Swagger fires on all cylinders, painting a rich, relevant, and powerful portrait in one of the year’s best shows.
This review of Swagger Season 1 is spoiler-free.
Swagger isn’t just good – it’s good in a way that scarcely seems possible for a freshman season. It’s a richly drawn drama from creator Reggie Rock Bythewood, inspired at least in part by the real-life experiences of NBA superstar Kevin Durant, but it manages to sketch the world of elite youth basketball as one weirdly welcoming to all. There are plot points built around the politics of the sports programs in the Washington metropolitan area, but the drama comes in how a lot of the specificity is boiled away, leaving only a sedimentary layer of universal elements: The desire of a kid from an underprivileged community to prove he’s better than his circumstances; the love of a mother filling a void left by the absence of a father; the well-intentioned coach who tries to give to others what he lost for himself.
Swagger speaks to something fundamental about the human experience, about our purest desires to show the world who we are, however much the world – and some of the people in it – want to root us in place, to make a statistic of us. Its world is vivid, and its characters so sharply observed that they could only be molded in the impressions left by real people, on real lives. It’s a fine bit of work, and easily one of the best shows of the year.
Much of it is held in place by the gravity of O’Shea Jackson Jr. as “Icon” Edwards, a husky basketball coach who burned so bright he ignited his own pro career and now spends his time guiding the youth towards theirs. But his good intentions are stymied by poor funding for his program, a baby on the way, and a time-consuming job at a hardware store, not to mention rival coaches who are content to stamp out the drive in young players before they even get a chance to move through the gears. Ike seems like one of only a few truly worthwhile cogs in a machine designed to chew up and spit out promising young athletes. But one of them, 14-year-old phenom Jace Carson (Isaiah Hill), might be the turning point for him and his whole team. Jace believes he’s great, and that he’s going to make it, and if his local reputation is anything to go by, he’s right. But the same cutthroat culture that Ike has to navigate is as hostile to Jace as it is to him. He needs, of course, a mentor to get him through.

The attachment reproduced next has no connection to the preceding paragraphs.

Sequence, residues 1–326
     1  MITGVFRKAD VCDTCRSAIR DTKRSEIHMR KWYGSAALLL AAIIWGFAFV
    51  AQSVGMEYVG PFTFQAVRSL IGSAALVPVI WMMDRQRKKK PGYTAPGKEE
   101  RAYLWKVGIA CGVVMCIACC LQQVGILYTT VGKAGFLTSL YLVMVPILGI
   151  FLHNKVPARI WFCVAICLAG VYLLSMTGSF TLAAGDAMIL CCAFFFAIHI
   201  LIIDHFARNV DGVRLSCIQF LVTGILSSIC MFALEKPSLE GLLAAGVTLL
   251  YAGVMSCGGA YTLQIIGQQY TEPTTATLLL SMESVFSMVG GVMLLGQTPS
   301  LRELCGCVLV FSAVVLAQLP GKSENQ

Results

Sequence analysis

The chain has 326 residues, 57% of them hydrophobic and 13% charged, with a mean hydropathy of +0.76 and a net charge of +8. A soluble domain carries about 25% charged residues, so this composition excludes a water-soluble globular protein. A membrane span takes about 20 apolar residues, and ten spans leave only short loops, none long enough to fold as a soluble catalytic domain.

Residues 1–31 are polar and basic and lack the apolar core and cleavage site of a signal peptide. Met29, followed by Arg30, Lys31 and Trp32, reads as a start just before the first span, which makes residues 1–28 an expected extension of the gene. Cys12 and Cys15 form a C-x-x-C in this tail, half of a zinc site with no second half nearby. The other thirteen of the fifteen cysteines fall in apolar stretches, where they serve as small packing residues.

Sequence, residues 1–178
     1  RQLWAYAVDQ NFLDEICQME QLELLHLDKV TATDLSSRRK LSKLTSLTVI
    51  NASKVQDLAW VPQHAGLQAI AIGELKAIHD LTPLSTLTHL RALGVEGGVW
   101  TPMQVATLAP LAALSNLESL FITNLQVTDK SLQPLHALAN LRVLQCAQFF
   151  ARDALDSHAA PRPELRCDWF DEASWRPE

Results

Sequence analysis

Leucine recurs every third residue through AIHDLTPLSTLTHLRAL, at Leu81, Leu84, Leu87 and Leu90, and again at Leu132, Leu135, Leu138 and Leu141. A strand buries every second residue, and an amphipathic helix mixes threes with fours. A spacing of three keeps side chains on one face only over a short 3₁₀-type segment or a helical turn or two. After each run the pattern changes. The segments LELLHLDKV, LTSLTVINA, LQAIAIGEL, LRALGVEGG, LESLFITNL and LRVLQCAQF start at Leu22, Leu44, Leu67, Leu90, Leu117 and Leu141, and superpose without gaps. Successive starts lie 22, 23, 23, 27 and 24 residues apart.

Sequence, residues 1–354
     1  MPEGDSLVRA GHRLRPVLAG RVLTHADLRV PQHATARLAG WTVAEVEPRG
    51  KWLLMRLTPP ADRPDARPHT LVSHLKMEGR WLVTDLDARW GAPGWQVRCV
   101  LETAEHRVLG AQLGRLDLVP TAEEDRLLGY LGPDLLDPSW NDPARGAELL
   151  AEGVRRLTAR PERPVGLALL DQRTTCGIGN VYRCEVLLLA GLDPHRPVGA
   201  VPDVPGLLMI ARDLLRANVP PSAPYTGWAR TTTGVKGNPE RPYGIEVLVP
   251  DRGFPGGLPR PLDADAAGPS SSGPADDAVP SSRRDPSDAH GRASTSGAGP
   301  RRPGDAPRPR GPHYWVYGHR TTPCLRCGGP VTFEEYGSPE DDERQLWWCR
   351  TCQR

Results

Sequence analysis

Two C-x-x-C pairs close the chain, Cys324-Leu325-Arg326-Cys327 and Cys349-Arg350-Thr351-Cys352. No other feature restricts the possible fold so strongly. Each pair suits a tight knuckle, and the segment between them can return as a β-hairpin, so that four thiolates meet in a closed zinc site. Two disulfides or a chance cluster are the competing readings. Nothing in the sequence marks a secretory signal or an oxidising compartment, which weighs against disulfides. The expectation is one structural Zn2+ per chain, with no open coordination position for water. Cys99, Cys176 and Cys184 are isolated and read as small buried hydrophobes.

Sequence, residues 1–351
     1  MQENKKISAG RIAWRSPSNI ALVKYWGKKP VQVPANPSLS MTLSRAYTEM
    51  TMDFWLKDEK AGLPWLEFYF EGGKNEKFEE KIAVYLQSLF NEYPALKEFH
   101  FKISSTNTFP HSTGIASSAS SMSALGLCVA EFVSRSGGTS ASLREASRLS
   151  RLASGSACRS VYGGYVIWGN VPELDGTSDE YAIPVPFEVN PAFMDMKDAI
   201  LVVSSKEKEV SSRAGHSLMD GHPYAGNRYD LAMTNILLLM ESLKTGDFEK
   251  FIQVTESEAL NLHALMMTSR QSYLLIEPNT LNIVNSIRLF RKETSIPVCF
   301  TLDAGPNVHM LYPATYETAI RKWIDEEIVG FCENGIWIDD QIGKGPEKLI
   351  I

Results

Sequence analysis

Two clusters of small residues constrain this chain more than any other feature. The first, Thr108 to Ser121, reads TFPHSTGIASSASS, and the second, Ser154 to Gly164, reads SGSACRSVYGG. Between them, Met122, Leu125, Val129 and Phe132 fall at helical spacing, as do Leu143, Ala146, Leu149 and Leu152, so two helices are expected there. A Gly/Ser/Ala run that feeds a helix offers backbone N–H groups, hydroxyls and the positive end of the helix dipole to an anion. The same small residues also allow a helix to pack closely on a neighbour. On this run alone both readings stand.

Jace already has a mentor in his mother, Jenna (Shinelle Azoroh), a comically no-nonsense single parent who tolerates precisely zero horseplay and has nothing but her son’s best interests at heart – at least partially because her son’s best interests are also hers, which adds an interesting contour to the character. Many others are like that here. Nobody is simplistic, and within the space of a single episode, I was deeply attached to the fates of several of them. On and off the court, the drama is rich and naturalistic, and the social issues feel topical without being preachy. Everything from systemic racism to police brutality to cyberbullying to sexual assault to the Coronavirus pandemic is tackled smartly and with sensitivity, weaving in and out of focus as the story dictates without losing sight of the sports drama’s core machinery. When it’s time to play, Swagger has all the technical acumen of so-called “Prestige TV” with none of the pretension. Every technique utilized behind the camera – behold the glorious moment in the premiere when Jace steps up to make a free throw – is purposeful, intended to enhance what the character is feeling rather than tell us in shorthand.
The entire show is like this. It puts its characters first and foremost and allows the drama and commentary to emerge organically from them. There’s never a sense that anyone is behaving in a certain way to make sure we arrive at a predetermined point. There’s a sense of truth at the core of Swagger that, one suspects, could only have been captured by input from someone who really did have all these pressures on their shoulders midway through puberty. Durant is listed as an executive producer, and I don’t have enough knowledge of him or the sport to speak to the show’s accuracy, but it certainly feels authentic, and that’s all that really matters.
But beyond that authenticity is an expert rhythm of build-up and payoff that you only find in the best television, and it’s hard not to think about Swagger in those terms. It’s brimming with heart, love, enthusiasm, and energy, the kind of deeply engaging television that you only get every once in a while. In such a churning, overpopulated landscape of streaming content, one can only hope that Swagger finds its audience.